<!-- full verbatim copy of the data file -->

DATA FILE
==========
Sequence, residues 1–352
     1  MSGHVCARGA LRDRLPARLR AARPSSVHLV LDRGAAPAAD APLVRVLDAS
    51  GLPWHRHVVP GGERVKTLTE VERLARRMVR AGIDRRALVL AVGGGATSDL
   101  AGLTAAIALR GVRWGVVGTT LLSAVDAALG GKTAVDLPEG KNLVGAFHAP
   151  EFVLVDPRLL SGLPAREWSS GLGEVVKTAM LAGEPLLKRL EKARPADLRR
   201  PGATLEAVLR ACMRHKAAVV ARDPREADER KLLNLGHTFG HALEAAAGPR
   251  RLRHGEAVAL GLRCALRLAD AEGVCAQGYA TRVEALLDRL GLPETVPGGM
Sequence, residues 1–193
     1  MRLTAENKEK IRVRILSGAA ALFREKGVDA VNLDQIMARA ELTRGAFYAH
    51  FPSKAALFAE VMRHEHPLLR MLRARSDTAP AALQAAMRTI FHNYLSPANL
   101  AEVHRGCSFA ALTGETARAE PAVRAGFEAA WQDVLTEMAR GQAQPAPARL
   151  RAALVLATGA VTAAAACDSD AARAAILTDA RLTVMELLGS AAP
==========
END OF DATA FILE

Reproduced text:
Sequence, residues 1–352
     1  MSGHVCARGA LRDRLPARLR AARPSSVHLV LDRGAAPAAD APLVRVLDAS
    51  GLPWHRHVVP GGERVKTLTE VERLARRMVR AGIDRRALVL AVGGGATSDL
   101  AGLTAAIALR GVRWGVVGTT LLSAVDAALG GKTAVDLPEG KNLVGAFHAP
   151  EFVLVDPRLL SGLPAREWSS GLGEVVKTAM LAGEPLLKRL EKARPADLRR
   201  PGATLEAVLR ACMRHKAAVV ARDPREADER KLLNLGHTFG HALEAAAGPR
   251  RLRHGEAVAL GLRCALRLAD AEGVCAQGYA TRVEALLDRL GLPETVPGGM
Sequence, residues 1–193
     1  MRLTAENKEK IRVRILSGAA ALFREKGVDA VNLDQIMARA ELTRGAFYAH
    51  FPSKAALFAE VMRHEHPLLR MLRARSDTAP AALQAAMRTI FHNYLSPANL
   101  AEVHRGCSFA ALTGETARAE PAVRAGFEAA WQDVLTEMAR GQAQPAPARL
   151  RAALVLATGA VTAAAACDSD AARAAILTDA RLTVMELLGS AAP